TEHRAN (ISNA)- Iranian Foreign Minister Mohammad Javad Zarif said the US does not oppose enrichment right of countries, adding that Iran does not need recognition of its enrichment right, because it possesses such a right based on the NPT.
Asked about the US officials' remarks that they would not recognize 'inherent right' of any country for enrichment, he said, "These remarks do not mean that countries are not entitled to enrich uranium. It is different from our position based on which enrichment is our inseparable right. It does not mean that they are against Iran's enrichment and do not recognize it."
"Iran's enrichment right does not need recognition, because it is an inseparable right based on the NPT. What we expect is respecting parts of this right," Zarif told ISNA.
He further added Iran has practiced its enrichment rights over past years, but this right has not been respected but violated because of sanctions imposed against the country.
Zarif further added that the world powers need to lift sanctions and embargo imposed against Iran, and respect its rights.
"We believe that Iran's enrichment right is nonnegotiable and there is no necessity to recognize it as a right, because it is an inseparable right which should be respected by all sides."
Commenting on any request by the G5+1 from Iran to stop enrichment during talks, he said, "We have not heard it during talks with G5+1. No one wants pause in enrichment. The issue has not been demanded by any side in general."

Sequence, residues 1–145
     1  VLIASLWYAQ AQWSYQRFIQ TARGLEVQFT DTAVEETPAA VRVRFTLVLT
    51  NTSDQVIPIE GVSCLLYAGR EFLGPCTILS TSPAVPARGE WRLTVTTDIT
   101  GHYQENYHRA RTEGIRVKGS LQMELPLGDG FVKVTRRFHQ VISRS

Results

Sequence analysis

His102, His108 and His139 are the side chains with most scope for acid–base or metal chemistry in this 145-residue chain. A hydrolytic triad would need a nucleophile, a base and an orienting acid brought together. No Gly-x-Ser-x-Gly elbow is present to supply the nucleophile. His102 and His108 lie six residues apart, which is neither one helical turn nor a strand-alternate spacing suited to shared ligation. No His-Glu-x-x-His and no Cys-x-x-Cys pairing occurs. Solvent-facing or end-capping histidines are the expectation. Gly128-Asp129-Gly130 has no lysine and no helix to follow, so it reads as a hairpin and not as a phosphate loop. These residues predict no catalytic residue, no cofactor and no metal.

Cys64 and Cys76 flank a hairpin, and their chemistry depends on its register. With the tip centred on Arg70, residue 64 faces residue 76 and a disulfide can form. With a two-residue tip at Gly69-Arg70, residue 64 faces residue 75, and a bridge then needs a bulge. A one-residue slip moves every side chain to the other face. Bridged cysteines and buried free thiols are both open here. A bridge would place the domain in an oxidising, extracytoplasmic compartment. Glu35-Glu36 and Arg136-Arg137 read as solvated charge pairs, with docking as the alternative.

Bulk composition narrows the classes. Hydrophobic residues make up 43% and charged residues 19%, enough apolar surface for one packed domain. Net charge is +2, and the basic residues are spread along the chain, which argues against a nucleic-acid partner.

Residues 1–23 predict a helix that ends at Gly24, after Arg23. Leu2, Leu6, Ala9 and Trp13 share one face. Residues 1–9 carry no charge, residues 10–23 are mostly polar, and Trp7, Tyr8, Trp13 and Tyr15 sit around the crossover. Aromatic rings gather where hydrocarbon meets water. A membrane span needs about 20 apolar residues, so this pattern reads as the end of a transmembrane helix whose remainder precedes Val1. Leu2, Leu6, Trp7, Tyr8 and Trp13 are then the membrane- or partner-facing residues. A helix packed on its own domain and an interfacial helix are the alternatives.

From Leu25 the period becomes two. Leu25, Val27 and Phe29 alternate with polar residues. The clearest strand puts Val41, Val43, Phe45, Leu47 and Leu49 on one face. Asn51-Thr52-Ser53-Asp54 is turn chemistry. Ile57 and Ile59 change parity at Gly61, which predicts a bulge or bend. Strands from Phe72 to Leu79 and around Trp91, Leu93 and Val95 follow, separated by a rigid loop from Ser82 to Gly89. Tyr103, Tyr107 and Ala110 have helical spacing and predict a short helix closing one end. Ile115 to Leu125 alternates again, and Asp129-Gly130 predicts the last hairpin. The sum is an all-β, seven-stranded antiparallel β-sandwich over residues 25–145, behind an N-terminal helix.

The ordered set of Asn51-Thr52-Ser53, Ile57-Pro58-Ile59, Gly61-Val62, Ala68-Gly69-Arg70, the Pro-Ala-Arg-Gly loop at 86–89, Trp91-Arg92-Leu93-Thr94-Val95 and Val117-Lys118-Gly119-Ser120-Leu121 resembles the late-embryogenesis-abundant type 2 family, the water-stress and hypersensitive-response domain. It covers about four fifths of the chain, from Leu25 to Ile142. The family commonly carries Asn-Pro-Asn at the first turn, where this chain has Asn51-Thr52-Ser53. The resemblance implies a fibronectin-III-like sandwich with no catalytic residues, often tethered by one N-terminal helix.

He refused to discuss details of talks between Iran and the five permanent members of the UN Security Council plus Germany, and said Iran has announced it would conduct enrichment but it is discussing ways, howness and sites of enrichment with the 6 countries.
Elsewhere, regarding agreement between Iran and G5+1, he said, any agreement should cover agreements on shared goals as well as initial and final phases.
"If we do not agree on the goal and the final phase, our measures in the initial phase would not make confidence."
Meanwhile, on the future of nuclear talks between Iran and G5+1, he said, "I think that there is no serious disagreement on shared goal and the final perspective," as expressing the hope that it is possible for the two sides to reach a complete plan, and all delegations are hopeful for reaching an agreement.
"The seriousness of all sides in finalizing the agreed deal should be investigated and studied in the first phase. But now I can't see any reason to be pessimist about seriousness of the sides in recording agreed issues."